Could Giant “Solar Rigs” Floating On the Ocean Convert Seawater To Hydrogen Fuel? Scientists at Columbia University have designed a device that could make the process economically viable
Usually, when we think about energy production at sea, we imagine giant oil rigs, or perhaps rows of towering wind turbines. Recently, though, floating solar panels have been added to the mix, including a solar farm the size of 160 football fields that went into operation in China last year.
Hydrogen is a clean form of energy, but it’s most commonly produced from natural gas in a process that also releases carbon dioxide, a key driver of climate change. The Columbia scientists say their device, called a floating photovoltaic electrolyzer, eliminates that consequence by instead utilizing electrolysis to separate oxygen and hydrogen in water molecules, and then storing the latter for use as fuel.
Team leader Daniel Esposito, an assistant professor of chemical engineering, points out that using existing commercial electrolyzers to generate hydrogen is pretty costly. “If you take off-the-shelf solar panels and commercially available electrolyzers, and you use sunlight to split water into hydrogen and oxygen, it’s going to be three to six times more expensive than if you were to produce hydrogen from natural gas,” he says.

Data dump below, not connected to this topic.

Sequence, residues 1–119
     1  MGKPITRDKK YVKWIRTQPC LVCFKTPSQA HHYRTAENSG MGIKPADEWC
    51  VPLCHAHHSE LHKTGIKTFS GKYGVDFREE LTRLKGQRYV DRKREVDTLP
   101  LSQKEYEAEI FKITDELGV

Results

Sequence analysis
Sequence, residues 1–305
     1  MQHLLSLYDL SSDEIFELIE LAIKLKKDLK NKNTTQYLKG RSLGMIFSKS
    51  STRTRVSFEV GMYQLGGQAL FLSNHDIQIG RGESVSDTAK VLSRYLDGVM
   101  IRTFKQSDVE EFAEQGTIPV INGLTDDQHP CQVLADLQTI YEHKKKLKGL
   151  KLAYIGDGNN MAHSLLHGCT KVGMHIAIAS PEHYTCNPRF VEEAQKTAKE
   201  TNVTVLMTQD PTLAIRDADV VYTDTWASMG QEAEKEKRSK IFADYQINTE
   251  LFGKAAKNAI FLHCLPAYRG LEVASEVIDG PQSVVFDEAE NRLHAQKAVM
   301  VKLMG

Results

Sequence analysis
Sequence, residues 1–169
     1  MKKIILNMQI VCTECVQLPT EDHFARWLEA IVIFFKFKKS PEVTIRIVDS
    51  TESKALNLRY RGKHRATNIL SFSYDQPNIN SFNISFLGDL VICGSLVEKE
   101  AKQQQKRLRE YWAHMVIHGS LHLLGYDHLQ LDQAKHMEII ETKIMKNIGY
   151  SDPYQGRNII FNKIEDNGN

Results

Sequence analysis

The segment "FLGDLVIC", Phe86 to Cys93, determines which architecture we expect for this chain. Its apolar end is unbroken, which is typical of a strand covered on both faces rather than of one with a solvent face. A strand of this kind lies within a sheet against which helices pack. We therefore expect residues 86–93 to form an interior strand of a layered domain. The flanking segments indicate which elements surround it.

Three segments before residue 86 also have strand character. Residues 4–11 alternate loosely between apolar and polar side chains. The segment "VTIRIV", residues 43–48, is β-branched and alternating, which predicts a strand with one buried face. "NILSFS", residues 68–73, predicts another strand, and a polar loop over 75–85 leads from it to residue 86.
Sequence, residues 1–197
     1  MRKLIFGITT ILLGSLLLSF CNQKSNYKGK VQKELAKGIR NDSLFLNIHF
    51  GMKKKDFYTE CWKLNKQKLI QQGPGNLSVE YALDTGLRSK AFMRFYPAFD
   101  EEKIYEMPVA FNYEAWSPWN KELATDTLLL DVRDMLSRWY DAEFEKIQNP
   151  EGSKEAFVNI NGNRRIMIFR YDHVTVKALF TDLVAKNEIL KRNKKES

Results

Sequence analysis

“Being able to safely demonstrate a device that can perform electrolysis without a membrane brings us another step closer to making seawater electrolysis possible,” Jack Davis, a researcher and lead author of the proof-of-concept study, said in a statement. “These solar fuel generators are essentially artificial photosynthesis systems, doing the same thing that plants do with photosynthesis, so our device may open up all kinds of opportunities to generate clean, renewable energy.”
Two mesh electrodes are held at a narrow separation distance (L), and generate H2 and O2 gases concurrently. The key innovation is the asymmetric placement of the catalyst on the outward facing surfaces of the mesh, such that the generation of bubbles is constrained to this region. When the gas bubbles detach, their buoyancy causes them to float upward into separate collection chambers. (Daniel Esposito/Columbia Engineering)
The device is built around electrodes of titanium mesh suspended in water and separated by a small distance. When an electrical current is applied, the oxygen and hydrogen molecules split apart, with the former developing gas bubbles on the electrode that’s positively charged, and the latter doing the same on the one with a negative charge.
It’s critical to keep these different gas bubbles separated, and the Columbia electrolyzer does this through the application of a catalyst to only one side of each mesh component—the surface farthest away from the other electrode. When the bubbles get larger and detach from the mesh, they float up along the outside edges of each electrode instead of mixing together in the space between them.